Abraham Kovoor was studying a brain protein, called RGS9-2, that he had previously related to the involuntary, random and repetitive body movements that are side effects of drugs used to treat Parkinson's disease and schizophrenia.
While studying these side effects, which are called dyskinesia, Kovoor, an assistant professor in the University of Rhode Island's College of Pharmacy, discovered that RGS9-2 also plays a role in regulating body weight.
Results of his study were published in the November issue of PLoS One, an open-access, peer-reviewed scientific and medical research journal.
Kovoor and his collaborators found that humans with a gene variation that could reduce RGS9-2 levels had a significantly higher body mass index.
Similarly, when they examined a strain of mice in which the RGS9-2 gene was deleted, so that these mice do not make RGS9-2 protein, they found that these weighed more than the wild-type strain and the percentage of body fat was much greater. Conversely, when RGS9-2 protein is over-expressed in rats, they found that the rats lost weight.
Because RGS9-2 is normally expressed in the brain's striatum, a section of the brain involved in both motor control and reward responses, Kovoor and his fellow researchers thought that the weight gain could be a result of an increased reward response triggered during eating.
"You would expect more eating from the mice without RGS9-2 (because they were the ones that gained weight), but that was not the case," Kovoor said. "Studies with humans, rats and mice implicate RGS9-2 as a factor in regulating body weight. But we had to look at another factor other than feeding behavior."
"Our research shows that the striatum, through RGS9-2, has a role in regulating body weight that is independent of the motivation, movement and reward responses," Kovoor said. "We have identified a new gene that likely regulates weight gain through metabolism."
Surprised by the discovery, Kovoor said he and his team have been studying RGS9-2 and its role in the movement side effects of drug therapy for Parkinson's disease and schizophrenia for almost a decade.
In fact, a company he established, Kovogen LLC, now based in Mystic, Conn., is developing methods for predicting which individuals are more likely to get these irreversible and debilitating side effects so that drug treatment can be optimized and tailored for individual patients.
"When you see Michael J. Fox continuously weaving and shaking, his movements are actually dyskinesia, a reaction to the medication used to treat his Parkinson's. Many people mistakenly assume that the shaking is a result of his Parkinson's disease, but the disease itself causes rigidity. Anti-psychotic drugs, which are used to treat schizophrenia, also cause similar involuntary movements that are irreversible.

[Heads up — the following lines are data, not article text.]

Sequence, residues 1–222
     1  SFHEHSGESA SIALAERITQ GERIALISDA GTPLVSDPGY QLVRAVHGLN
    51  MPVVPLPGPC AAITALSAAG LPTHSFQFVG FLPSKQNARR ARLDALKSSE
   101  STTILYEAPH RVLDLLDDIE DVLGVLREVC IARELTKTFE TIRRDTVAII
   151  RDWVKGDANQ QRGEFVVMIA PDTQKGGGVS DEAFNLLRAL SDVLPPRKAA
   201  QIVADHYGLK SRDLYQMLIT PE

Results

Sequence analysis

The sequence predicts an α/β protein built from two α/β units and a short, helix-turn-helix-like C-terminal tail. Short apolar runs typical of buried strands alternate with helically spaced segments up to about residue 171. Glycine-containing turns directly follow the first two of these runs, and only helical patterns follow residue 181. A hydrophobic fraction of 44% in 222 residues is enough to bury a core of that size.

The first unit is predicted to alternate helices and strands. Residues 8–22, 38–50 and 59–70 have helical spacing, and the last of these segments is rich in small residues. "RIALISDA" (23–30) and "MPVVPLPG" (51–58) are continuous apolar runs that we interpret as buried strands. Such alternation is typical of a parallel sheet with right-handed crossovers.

"When we began looking at RGS9-2, nobody had an inkling as to why these drugs cause dyskinesias. We showed very early on that RGS9-2 modulates the function of the dopamine receptors, and dopamine receptors are the major targets of Parkinson's and anti-psychotic drugs," Kovoor said.
"We treated RGS9-2 knockout mice (those without the RGS9-2 gene) with anti-psychotic drugs or with L-DOPA, a drug used to treat Parkinson's disease, and the mice all rapidly developed dyskinetic movement disorders when being treated.
"RSG9-2 provided a springboard for investigating how drugs produce these disorders," Kovoor said.
In fact, prompted by Kovoor's discovery, one of his collaborators, Stephen Gold, and his colleagues at the University of Texas, were able to show that gene therapy with RGS9-2 could suppress drug-induced dyskinesias in monkeys.
"Separately, we were looking to see if we could predict the risk susceptibility for these (movement) disorders by searching for variations in the RGS9-2 gene in humans."
Kovoor and his fellow researchers at the University of California in San Francisco also monitored the body mass index of patients in their study. "We noticed that study subjects with a variation in the RGS9-2 gene, which could weaken expression of the gene, had a higher body mass index."
Parallel experiments in mice and rats confirmed these findings implicating RGS9-2 in weight regulation.
The above story is reprinted from materials provided by University of Rhode Island.
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Jeffrey L. Waugh, Jeremy Celver, Meenakshi Sharma, Robert L. Dufresne, Dimitra Terzi, S. Craig Risch, William G. Fairbrother, Rachael L. Neve, John P. Kane, Mary J. Malloy, Clive R. Pullinger, Harvest F. Gu, Christos Tsatsanis, Steven P. Hamilton, Stephen J. Gold, Venetia Zachariou, Abraham Kovoor. Association between Regulator of G Protein Signaling 9–2 and Body Weight. PLoS ONE, 2011; 6 (11): e27984 DOI: 10.1371/journal.pone.0027984